What are the seasons of the Christian calendar?
Early in its history, the Church divided the year into liturgical seasons based on the life and ministry of Jesus.
Advent, starting four weeks before Christmas, tells of the coming (or advent) of Jesus.
Christmas tells of his birth.
Epiphany starts with the Manifestation to the Gentiles—when three wise men from the Orient came to see the baby Jesus—and proceeds through key moments in Jesus’s life.
The forty days of Lent—calling to mind the Hebrews’ 40 years of wilderness wandering, and Jesus’s 40 days of testing in the wilderness—are a time of repentance, fasting and preparation for baptism.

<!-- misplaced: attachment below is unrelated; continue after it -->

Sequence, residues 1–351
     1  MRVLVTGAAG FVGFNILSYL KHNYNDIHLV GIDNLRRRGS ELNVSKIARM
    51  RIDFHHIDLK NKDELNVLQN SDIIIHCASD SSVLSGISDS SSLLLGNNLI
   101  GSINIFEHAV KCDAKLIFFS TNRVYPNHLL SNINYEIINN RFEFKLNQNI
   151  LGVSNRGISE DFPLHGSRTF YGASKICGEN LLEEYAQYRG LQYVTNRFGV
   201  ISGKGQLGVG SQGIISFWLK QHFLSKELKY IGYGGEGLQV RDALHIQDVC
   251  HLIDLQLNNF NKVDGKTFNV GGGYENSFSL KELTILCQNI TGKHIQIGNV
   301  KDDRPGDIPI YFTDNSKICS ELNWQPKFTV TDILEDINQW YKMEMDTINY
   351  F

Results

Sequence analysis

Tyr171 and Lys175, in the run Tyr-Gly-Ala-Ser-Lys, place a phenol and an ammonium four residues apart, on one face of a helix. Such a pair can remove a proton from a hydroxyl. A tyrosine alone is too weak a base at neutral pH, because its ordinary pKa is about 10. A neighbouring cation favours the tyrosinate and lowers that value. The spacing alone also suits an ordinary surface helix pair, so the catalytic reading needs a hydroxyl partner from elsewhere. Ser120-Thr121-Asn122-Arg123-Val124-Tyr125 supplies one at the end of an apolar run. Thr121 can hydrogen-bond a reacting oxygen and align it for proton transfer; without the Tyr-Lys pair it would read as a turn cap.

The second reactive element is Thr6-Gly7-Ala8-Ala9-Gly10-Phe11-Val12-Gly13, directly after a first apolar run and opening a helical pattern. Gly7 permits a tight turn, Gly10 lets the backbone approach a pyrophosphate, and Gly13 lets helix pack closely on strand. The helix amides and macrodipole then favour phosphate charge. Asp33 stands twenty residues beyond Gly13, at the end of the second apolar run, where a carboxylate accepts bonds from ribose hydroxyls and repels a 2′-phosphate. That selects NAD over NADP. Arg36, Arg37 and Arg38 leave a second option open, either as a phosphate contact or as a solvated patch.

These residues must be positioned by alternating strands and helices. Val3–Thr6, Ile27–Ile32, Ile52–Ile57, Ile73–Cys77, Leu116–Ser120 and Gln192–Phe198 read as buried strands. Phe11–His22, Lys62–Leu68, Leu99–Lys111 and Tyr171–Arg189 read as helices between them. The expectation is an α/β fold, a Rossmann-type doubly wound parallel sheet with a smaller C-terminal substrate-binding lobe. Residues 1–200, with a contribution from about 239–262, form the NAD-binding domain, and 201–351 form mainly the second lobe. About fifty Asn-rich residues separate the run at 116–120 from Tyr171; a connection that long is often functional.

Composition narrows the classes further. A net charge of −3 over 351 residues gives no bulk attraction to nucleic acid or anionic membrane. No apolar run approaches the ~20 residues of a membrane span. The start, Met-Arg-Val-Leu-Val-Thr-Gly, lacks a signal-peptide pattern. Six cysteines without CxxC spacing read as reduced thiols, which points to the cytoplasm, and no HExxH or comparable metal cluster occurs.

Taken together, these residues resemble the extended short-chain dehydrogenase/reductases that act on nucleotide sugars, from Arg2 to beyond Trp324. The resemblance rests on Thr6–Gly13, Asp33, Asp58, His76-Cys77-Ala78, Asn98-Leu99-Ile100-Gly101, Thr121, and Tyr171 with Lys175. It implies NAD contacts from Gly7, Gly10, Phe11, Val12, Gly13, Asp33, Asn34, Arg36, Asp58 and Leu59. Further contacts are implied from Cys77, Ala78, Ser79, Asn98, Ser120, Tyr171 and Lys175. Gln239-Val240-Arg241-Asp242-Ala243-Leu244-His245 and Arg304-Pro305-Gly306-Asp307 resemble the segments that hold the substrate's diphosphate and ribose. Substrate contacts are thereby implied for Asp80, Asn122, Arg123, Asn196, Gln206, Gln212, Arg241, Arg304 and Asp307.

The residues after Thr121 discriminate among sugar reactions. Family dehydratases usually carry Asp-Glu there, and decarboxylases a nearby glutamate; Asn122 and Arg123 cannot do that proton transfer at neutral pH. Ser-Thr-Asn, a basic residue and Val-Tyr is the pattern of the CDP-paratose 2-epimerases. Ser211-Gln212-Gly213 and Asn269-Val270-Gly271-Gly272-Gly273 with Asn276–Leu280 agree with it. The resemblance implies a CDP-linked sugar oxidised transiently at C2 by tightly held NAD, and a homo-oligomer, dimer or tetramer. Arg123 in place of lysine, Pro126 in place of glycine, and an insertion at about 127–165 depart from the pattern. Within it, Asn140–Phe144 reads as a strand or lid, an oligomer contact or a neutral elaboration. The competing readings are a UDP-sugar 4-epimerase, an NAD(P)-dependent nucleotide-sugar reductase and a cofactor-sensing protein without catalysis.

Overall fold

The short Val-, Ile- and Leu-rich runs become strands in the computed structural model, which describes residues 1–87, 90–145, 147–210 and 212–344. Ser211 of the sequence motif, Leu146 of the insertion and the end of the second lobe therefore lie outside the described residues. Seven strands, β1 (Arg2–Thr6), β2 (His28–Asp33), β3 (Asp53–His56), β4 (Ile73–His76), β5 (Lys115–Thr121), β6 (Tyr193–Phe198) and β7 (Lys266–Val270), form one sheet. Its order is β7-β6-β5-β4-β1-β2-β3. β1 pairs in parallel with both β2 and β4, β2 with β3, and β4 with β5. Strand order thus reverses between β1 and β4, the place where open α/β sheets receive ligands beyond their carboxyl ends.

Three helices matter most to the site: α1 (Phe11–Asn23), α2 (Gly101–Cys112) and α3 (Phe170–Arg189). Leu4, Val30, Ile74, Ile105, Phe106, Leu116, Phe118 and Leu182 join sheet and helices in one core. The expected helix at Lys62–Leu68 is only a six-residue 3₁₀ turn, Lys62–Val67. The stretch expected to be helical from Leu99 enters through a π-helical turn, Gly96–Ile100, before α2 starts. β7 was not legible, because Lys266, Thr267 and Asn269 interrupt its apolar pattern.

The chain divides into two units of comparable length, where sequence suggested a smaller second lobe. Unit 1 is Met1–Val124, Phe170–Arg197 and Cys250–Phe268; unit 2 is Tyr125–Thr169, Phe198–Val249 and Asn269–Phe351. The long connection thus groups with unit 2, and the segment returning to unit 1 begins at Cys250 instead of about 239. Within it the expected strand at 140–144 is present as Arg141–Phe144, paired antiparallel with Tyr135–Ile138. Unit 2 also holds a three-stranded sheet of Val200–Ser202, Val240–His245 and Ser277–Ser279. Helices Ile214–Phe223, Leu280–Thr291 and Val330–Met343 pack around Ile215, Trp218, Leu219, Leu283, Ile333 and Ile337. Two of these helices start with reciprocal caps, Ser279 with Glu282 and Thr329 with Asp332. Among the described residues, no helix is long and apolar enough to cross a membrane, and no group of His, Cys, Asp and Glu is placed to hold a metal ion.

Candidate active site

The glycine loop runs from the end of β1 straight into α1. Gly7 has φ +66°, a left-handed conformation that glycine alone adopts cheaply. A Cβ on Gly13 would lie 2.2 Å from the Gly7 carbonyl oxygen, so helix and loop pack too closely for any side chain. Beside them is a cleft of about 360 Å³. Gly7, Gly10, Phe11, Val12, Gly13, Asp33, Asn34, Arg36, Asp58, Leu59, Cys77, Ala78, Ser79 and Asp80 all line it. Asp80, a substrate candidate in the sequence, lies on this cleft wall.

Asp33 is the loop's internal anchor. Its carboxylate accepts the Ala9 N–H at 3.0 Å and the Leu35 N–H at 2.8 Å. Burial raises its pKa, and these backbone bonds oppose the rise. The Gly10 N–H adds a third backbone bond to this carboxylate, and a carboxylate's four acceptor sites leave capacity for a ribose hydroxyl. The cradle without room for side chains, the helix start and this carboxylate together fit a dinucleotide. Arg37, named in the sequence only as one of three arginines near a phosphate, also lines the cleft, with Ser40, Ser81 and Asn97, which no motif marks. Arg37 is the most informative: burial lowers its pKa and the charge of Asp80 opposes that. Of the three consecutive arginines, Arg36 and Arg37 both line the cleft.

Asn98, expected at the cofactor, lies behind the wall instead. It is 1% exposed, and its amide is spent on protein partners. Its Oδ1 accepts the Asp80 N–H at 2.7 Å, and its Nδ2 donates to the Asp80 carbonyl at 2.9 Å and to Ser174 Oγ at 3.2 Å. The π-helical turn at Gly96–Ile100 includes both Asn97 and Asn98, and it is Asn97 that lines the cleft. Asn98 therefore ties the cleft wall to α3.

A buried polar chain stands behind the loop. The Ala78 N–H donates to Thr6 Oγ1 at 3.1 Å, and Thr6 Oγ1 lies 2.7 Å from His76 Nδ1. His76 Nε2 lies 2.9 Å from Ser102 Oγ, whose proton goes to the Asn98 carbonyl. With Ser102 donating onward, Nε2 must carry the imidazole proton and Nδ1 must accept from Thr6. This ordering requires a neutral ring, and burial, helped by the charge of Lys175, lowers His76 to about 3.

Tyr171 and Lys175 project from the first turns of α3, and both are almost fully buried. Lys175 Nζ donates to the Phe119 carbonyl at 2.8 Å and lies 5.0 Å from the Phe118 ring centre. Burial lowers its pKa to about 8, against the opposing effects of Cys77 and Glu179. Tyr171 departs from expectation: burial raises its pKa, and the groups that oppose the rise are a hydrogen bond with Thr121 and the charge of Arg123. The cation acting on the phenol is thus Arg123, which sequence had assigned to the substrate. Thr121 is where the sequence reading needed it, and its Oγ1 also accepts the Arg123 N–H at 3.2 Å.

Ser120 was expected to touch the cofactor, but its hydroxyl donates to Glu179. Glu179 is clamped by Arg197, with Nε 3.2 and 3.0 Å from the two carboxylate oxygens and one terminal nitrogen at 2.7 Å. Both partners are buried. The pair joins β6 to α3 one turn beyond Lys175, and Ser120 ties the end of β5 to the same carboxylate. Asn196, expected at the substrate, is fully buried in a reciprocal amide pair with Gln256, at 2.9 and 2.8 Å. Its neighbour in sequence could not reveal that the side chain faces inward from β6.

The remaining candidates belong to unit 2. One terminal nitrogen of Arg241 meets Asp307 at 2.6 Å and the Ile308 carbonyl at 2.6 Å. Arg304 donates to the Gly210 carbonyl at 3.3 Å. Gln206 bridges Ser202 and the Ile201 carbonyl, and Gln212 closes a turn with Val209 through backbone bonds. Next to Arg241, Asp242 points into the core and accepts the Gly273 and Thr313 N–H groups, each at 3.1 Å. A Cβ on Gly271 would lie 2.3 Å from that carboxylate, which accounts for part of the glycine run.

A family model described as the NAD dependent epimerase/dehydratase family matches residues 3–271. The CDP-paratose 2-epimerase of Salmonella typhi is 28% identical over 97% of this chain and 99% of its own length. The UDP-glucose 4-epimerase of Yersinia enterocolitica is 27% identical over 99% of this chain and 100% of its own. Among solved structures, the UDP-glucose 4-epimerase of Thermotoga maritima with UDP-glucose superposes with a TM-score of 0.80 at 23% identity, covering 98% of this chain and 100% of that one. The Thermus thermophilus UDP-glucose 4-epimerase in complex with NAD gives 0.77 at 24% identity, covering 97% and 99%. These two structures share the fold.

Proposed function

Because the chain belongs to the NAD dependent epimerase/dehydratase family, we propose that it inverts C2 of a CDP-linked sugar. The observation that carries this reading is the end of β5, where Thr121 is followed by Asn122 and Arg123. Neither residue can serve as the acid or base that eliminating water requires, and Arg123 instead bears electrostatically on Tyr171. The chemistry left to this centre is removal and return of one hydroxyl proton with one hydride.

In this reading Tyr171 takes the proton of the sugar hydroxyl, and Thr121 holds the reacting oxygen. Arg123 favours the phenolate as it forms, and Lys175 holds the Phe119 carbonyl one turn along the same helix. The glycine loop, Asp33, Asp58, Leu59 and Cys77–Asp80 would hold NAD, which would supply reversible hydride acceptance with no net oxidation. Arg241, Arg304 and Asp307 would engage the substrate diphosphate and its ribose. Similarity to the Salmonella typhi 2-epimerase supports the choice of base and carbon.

Lent leads up to Holy Week and the death of Jesus.
Easter tells of Jesus’s resurrection from the dead, his appearance to certain disciples, and his ascension to God.
The season of Pentecost begins with the Day of Pentecost (concerning the gift of the Holy Spirit) and is basically a teaching season.
Each liturgical season is grounded in the Gospel accounts of Jesus’s life. Old Testament readings and passages from the Epistles are read in worship, as well.
In liturgical churches like the Roman Catholic, Lutheran and Episcopal, each season has certain special days, special music and special ways of preparing the worship space.